Teen Vogue‘s new editor-in-chief Alexi McCammond announced Thursday (18 March) that she has resigned after her “racist, homophobic” tweets were unearthed.
When storied publishing house Condé Nast announced Axios political journalist McCammond had been tapped to lead the online magazine last month, backlash immediately brewed.
More than 20 Teen Vogue staffers protested against the hire, pointing towards a slew of since-deleted tweets from McCammond that she had posted in college a decade ago. Major advertisers, deeply alarmed, paused ad spending.
Now, just a week before she was set to start the role, McCammond announced she has resigned. Condé Nast said in an internal email obtained by The New York Times that the decision to do so was mutual.
“After speaking with Alexi this morning, we agreed that it was best to part ways, so as to not overshadow the important work happening at Teen Vogue,” chief people officer Stan Duncan wrote.
Alexi McCammond: ‘I should not have tweeted what I did’
Ahead of her 24 March start date, McCammond publicly confirmed she is stepping down in a Twitter statement.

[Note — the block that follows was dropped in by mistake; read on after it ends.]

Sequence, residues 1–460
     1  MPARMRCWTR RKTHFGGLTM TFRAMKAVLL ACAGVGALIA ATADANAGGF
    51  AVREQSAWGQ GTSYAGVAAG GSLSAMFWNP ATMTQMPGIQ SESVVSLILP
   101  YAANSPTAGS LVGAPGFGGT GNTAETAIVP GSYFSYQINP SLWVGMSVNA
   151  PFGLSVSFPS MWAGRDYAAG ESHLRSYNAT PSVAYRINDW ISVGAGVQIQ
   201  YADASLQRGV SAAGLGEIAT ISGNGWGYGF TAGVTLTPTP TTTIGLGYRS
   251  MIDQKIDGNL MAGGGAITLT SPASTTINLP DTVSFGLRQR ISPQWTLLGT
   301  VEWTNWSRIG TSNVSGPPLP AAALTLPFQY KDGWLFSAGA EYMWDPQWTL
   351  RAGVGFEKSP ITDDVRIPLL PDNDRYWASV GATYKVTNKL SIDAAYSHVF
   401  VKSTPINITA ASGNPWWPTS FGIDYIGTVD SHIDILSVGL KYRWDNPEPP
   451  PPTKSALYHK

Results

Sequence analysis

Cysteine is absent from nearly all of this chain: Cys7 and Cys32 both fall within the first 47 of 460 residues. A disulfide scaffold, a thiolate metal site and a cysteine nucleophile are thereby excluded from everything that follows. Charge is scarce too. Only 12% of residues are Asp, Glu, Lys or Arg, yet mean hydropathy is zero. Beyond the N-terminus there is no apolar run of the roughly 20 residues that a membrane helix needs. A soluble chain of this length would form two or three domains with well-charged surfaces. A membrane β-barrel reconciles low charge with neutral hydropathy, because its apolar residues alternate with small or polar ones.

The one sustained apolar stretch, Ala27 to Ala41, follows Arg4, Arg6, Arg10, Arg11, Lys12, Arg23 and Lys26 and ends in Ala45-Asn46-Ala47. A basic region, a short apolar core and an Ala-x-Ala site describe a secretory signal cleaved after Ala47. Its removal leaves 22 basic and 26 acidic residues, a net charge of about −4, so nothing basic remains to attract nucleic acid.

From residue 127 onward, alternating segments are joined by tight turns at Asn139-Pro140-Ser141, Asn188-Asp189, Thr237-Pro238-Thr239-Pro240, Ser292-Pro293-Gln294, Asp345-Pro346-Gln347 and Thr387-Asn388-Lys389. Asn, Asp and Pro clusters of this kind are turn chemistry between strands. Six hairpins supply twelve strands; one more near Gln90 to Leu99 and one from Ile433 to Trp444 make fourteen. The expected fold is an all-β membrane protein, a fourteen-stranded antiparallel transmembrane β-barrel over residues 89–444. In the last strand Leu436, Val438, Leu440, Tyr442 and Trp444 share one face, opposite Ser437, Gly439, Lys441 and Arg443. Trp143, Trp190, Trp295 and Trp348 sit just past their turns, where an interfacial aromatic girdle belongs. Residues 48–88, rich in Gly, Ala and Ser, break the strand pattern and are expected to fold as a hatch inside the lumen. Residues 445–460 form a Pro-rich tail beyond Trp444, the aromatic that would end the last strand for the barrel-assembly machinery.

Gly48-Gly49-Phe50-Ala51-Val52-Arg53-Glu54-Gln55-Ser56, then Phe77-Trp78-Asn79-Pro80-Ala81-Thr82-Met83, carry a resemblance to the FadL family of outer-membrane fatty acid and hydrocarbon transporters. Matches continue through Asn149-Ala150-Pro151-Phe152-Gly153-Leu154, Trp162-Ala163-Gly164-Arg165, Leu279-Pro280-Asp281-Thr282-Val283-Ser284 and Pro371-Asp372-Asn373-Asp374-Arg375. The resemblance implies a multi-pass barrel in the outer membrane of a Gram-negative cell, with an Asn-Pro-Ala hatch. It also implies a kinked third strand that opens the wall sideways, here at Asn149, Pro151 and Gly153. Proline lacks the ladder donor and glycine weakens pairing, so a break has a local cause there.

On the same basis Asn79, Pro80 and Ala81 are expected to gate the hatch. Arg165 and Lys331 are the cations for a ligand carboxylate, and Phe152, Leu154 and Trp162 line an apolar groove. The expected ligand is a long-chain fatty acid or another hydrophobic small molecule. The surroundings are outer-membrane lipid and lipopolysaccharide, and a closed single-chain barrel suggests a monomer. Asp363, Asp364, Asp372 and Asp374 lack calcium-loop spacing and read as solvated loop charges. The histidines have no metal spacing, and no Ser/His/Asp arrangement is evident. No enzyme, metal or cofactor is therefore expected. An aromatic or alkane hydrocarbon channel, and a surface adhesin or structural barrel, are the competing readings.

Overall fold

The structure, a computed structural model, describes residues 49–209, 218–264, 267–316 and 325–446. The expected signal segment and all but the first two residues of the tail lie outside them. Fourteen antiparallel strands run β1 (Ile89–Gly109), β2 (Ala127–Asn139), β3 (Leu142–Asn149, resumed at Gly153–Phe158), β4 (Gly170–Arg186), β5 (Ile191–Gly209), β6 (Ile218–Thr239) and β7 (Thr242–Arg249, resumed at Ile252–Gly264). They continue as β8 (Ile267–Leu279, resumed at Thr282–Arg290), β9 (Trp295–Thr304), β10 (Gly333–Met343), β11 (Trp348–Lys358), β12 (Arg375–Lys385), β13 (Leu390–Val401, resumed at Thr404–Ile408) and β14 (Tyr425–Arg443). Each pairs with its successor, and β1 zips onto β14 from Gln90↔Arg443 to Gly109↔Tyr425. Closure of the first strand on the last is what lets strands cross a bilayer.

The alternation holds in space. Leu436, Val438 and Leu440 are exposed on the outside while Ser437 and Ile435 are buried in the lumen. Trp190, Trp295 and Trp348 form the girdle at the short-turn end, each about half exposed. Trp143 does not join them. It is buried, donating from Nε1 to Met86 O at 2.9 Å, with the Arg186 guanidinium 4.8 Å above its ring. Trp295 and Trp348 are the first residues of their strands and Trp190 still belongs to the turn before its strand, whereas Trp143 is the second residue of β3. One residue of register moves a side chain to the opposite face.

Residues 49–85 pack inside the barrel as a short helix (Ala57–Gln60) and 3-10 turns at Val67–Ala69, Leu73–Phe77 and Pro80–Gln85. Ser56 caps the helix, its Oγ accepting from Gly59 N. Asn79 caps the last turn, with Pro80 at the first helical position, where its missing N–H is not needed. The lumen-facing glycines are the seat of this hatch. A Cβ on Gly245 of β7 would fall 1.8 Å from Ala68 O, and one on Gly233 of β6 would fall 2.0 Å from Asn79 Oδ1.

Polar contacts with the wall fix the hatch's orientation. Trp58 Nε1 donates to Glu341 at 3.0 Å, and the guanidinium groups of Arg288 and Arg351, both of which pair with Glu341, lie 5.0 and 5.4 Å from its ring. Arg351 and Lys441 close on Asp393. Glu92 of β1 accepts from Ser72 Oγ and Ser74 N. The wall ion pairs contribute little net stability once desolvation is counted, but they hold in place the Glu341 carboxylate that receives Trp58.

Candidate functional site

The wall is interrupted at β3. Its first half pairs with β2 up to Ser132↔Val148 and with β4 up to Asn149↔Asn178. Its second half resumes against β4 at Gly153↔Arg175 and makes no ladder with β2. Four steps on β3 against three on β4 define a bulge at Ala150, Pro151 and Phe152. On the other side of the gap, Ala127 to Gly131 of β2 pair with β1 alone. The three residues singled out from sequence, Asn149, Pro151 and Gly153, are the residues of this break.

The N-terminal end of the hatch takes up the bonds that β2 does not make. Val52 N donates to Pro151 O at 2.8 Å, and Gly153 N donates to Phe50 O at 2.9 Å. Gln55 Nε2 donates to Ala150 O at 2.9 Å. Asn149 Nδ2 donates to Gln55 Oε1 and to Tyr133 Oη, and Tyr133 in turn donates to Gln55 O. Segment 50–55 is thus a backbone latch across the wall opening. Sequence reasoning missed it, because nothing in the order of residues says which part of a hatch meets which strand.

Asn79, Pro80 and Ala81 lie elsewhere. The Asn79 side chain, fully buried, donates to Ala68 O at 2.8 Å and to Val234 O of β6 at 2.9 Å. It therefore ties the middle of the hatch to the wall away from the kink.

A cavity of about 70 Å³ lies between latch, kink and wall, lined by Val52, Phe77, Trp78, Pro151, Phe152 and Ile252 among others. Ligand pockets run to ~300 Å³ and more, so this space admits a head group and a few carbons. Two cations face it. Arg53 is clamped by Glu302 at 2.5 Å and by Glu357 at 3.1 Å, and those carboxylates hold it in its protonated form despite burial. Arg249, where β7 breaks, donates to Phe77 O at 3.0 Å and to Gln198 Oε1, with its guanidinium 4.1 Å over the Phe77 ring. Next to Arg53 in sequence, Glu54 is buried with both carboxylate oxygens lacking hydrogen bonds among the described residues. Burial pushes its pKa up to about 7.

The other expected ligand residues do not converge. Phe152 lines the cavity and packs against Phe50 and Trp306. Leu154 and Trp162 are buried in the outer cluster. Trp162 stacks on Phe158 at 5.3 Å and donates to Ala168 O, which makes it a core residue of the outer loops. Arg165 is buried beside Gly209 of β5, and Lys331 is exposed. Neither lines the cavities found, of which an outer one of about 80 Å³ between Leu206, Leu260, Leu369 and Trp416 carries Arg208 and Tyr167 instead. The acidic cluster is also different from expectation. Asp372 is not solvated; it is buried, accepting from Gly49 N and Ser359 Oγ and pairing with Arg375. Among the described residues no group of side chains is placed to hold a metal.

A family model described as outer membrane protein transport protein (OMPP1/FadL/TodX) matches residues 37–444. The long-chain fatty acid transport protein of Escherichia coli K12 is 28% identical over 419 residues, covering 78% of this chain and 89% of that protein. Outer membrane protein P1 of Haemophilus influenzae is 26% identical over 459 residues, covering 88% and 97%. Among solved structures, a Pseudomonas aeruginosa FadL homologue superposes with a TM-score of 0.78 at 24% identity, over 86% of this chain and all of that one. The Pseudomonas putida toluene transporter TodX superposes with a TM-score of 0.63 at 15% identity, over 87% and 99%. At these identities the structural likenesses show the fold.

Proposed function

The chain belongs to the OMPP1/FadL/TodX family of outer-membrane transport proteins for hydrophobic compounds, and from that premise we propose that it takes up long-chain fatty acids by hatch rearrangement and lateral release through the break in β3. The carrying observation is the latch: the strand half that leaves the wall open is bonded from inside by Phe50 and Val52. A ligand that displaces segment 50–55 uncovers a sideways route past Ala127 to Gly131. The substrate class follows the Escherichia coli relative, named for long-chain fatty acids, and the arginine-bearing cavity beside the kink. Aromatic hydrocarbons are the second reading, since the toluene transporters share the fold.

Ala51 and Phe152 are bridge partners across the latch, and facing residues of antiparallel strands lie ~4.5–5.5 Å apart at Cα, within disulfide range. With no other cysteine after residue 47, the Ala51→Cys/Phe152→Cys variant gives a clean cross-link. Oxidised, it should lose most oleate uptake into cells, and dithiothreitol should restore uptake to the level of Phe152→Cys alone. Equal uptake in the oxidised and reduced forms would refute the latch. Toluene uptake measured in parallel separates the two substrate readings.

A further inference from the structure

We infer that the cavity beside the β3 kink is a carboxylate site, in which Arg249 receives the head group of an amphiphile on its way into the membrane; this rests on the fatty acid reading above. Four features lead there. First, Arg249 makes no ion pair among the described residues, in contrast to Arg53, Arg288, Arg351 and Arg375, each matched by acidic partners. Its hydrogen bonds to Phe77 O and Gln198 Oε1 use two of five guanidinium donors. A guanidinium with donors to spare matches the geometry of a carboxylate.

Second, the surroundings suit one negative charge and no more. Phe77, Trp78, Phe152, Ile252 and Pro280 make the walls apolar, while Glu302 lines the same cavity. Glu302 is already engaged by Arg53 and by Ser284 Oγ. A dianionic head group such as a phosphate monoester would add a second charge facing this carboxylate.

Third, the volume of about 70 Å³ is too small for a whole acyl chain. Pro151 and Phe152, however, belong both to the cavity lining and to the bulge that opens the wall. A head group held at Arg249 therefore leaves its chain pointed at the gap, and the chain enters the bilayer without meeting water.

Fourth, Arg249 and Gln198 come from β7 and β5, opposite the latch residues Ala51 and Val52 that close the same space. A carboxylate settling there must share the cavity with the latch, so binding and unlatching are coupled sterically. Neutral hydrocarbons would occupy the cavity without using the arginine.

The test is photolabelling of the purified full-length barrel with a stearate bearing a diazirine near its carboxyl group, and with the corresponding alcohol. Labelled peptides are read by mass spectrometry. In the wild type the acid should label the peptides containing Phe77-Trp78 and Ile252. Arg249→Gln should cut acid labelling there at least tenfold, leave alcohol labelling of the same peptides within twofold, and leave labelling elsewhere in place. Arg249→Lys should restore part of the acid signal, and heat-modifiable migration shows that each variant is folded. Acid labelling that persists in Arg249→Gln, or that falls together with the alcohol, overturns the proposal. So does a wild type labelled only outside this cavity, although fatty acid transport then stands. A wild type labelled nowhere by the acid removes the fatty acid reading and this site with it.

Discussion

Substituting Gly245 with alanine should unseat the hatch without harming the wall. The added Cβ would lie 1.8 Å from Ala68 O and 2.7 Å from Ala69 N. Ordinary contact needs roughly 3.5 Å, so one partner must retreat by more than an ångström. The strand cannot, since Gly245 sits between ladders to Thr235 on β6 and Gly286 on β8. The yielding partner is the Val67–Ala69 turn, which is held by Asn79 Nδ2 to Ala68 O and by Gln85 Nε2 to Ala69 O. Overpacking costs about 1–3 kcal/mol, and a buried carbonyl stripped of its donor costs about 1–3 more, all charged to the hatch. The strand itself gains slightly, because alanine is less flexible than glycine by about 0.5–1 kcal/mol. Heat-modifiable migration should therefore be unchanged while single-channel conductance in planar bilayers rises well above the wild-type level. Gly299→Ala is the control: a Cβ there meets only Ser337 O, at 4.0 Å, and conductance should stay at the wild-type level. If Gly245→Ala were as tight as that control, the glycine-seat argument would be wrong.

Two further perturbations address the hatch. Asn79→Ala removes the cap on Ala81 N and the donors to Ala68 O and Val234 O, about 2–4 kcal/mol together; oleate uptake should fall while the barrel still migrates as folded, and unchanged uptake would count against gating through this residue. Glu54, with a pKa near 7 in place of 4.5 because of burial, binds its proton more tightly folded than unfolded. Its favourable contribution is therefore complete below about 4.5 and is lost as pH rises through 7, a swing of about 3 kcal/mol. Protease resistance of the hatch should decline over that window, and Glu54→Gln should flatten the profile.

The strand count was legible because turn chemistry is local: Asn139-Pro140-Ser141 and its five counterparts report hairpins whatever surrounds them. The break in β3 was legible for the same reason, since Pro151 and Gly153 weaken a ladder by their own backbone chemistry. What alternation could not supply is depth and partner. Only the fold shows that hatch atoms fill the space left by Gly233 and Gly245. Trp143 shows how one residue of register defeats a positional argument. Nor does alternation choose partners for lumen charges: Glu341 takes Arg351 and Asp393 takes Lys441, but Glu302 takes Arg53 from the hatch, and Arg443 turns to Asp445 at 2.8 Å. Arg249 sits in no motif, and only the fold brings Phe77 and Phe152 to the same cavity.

“I became a journalist to help lift up the stories and voices of our most vulnerable communities,” she wrote.
“As a young woman of colour, that’s part of the reason I was so excited to lead the Teen Vogue in its next chapter.
“My past tweets have overshadowed the work I’ve done to highlight the people and issues I care – issues that Teen Vogue have worked tirelessly to share with the world – and so Condé Nast and I have decided to part ways.”
The 27-year-old added: “I should not have tweeted what I did and I have taken full responsibility for that.
“I look at my work and growth in the years since, and have redoubled my commitment to growing in the years to come as both a person and a professional.”
So when news of Alexi McCammond’s hire went public, a revolt quickly ignited in Teen Vogue. It was a clash of values, they described, as staffers stressed how her appointment came at a time of “historically high anti-Asian violence and amid the ongoing struggles of the LGBT+ community”.
They said they had made a complaint to company leaders over her hiring.
Condé Nast executives, including Vogue global editorial director Anna Wintour, had vetted McCammon during the hiring process. They said she had acknowledged her tweets during interviews but the company moved to “dedicate to making her successful in the role”.
Alexi McCammond had apologised for her tweets in a previous social media statement after her appointment, describing the remarks as “offensive [and] idiotic”.